• deaconrandy

Hail, O Christ, Our King!

Dear sisters and brothers in Christ,

We imagine a king in a throne room, surrounded by gold and jewels and fawning courtiers, living a life of luxury and taking advantage of his subjects. This is not the Kingship of Jesus Christ. Even the secular kings of Jesus’ time did not fit this image. The king was expected to sit at the city gates and preside over disputes between his people. He was expected to lead his people into battle, protect them from aggressors, and rule justly over all. He was bound to his people, and they to him. Furthermore, the King of Israel was expected to behave with all the piety of a Levitical priest, offering sacrifice to God in the temple and leading his people at worship. In short, the king was expected to be the model and exemplar of his people, their defender and their champion.

The people identified themselves by their king. We even have a term for this: “corporate identity.” We, as Christians, identify ourselves with Christ Jesus. We are His, and He is ours, inseparably. We expect Jesus to be a judge both strong and just, unswayed by politics or human opinion. We, even more than the people of Israel, expect our King to be Divine in His behavior, and we shall not be disappointed. We expect Jesus to thwart our enemies and judge justly and fairly with all people. He has exceeded our expectations by defeating our greatest enemy: death itself. He conquered this foe by His self-sacrificing love, and paid the just penalty for our sins with His own Precious Blood.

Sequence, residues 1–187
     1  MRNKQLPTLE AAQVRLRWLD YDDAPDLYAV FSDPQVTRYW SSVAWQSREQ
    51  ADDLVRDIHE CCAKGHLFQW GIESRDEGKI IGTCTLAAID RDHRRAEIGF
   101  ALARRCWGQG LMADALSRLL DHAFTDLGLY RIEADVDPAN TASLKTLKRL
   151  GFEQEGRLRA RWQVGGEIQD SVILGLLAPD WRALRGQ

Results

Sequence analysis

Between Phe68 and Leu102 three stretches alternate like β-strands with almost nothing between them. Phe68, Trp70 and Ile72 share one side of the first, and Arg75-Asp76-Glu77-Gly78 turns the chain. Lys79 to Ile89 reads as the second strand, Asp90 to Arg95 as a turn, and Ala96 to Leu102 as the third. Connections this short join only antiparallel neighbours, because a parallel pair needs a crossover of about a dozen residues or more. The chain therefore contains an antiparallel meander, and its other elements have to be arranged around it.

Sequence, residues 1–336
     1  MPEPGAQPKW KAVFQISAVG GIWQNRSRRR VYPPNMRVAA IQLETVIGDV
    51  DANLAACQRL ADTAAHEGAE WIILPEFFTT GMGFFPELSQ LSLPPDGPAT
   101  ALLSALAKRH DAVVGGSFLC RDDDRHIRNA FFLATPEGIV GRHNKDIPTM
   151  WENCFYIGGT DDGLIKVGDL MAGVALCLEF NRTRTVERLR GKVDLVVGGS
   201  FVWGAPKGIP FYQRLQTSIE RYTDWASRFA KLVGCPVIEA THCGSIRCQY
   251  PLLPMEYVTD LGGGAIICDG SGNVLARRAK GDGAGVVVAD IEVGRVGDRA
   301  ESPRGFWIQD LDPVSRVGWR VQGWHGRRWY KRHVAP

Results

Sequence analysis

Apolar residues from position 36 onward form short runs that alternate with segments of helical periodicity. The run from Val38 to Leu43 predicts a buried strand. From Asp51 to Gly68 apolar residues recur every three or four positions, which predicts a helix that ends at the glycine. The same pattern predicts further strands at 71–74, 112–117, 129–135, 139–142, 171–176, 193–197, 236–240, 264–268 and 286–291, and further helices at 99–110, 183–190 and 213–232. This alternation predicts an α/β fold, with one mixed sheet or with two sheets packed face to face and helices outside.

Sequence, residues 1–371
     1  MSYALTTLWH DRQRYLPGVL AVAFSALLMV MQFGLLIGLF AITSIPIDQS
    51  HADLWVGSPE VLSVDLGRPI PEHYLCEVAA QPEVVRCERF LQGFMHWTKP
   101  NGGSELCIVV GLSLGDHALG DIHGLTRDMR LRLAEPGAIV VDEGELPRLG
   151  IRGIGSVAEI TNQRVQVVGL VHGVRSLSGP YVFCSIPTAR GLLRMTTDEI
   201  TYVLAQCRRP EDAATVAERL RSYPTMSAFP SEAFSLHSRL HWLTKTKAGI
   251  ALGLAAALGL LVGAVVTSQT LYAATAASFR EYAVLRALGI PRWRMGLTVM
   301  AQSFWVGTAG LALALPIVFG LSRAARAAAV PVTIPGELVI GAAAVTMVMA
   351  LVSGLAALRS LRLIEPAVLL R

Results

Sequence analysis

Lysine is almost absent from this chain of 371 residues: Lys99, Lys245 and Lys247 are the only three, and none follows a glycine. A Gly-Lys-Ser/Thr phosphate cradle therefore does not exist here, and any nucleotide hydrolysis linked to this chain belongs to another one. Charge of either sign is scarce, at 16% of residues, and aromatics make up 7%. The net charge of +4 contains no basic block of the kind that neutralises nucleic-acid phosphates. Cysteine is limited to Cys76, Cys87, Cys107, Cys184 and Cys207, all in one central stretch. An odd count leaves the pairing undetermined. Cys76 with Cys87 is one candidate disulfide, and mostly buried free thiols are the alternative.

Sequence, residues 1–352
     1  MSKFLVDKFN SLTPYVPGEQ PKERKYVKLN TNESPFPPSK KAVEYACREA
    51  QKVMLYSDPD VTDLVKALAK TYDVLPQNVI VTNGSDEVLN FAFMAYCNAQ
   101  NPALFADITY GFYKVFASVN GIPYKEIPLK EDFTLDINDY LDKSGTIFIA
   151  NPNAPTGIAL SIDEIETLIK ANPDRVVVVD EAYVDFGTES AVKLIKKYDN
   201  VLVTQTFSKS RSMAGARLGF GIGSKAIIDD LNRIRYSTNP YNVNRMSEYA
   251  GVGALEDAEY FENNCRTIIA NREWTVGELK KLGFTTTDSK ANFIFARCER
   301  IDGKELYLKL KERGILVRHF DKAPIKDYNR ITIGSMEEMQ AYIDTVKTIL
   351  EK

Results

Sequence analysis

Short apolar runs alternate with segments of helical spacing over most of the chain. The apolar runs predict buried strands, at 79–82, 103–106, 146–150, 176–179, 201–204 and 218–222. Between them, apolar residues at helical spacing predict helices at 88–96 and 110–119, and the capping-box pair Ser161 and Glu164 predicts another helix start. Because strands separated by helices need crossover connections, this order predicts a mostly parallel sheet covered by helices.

How shall we repay such a great king? Do we honor Him who has given us perfect example and eternal providence? God’s Kingdom is opened to us by Jesus Christ our King. We have only to submit ourselves to His legitimate authority and bind ourselves again to the Divine King who has irrevocably bound our humanity to Himself.

Hail, O Christ, our King! Reign in our hearts, minds, and souls! Draw us to Yourself and give us the humility to accept Your Kingship forever.

Peace in Christ,

Father Matthew Kuhn

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